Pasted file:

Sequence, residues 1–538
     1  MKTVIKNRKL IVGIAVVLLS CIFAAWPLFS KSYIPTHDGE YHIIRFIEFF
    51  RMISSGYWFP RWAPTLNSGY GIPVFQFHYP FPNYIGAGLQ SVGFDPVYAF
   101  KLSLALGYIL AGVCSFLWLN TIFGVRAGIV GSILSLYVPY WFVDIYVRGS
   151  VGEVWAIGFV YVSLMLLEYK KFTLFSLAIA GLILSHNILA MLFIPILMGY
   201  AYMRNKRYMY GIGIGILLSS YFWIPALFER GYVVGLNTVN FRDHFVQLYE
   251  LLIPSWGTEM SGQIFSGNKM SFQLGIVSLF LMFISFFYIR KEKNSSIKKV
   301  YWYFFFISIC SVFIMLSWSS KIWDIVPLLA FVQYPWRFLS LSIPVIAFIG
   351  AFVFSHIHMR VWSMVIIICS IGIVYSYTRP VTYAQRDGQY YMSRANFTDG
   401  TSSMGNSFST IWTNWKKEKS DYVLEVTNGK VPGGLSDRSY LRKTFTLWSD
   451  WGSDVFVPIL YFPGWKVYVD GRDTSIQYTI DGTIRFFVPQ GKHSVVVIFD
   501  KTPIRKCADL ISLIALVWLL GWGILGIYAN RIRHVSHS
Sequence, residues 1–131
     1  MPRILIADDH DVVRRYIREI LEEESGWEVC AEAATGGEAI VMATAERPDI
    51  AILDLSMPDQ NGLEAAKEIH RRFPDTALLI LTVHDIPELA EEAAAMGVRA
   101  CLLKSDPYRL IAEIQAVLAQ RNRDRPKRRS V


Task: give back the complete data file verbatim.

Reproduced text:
Sequence, residues 1–538
     1  MKTVIKNRKL IVGIAVVLLS CIFAAWPLFS KSYIPTHDGE YHIIRFIEFF
    51  RMISSGYWFP RWAPTLNSGY GIPVFQFHYP FPNYIGAGLQ SVGFDPVYAF
   101  KLSLALGYIL AGVCSFLWLN TIFGVRAGIV GSILSLYVPY WFVDIYVRGS
   151  VGEVWAIGFV YVSLMLLEYK KFTLFSLAIA GLILSHNILA MLFIPILMGY
   201  AYMRNKRYMY GIGIGILLSS YFWIPALFER GYVVGLNTVN FRDHFVQLYE
   251  LLIPSWGTEM SGQIFSGNKM SFQLGIVSLF LMFISFFYIR KEKNSSIKKV
   301  YWYFFFISIC SVFIMLSWSS KIWDIVPLLA FVQYPWRFLS LSIPVIAFIG
   351  AFVFSHIHMR VWSMVIIICS IGIVYSYTRP VTYAQRDGQY YMSRANFTDG
   401  TSSMGNSFST IWTNWKKEKS DYVLEVTNGK VPGGLSDRSY LRKTFTLWSD
   451  WGSDVFVPIL YFPGWKVYVD GRDTSIQYTI DGTIRFFVPQ GKHSVVVIFD
   501  KTPIRKCADL ISLIALVWLL GWGILGIYAN RIRHVSHS
Sequence, residues 1–131
     1  MPRILIADDH DVVRRYIREI LEEESGWEVC AEAATGGEAI VMATAERPDI
    51  AILDLSMPDQ NGLEAAKEIH RRFPDTALLI LTVHDIPELA EEAAAMGVRA
   101  CLLKSDPYRL IAEIQAVLAQ RNRDRPKRRS V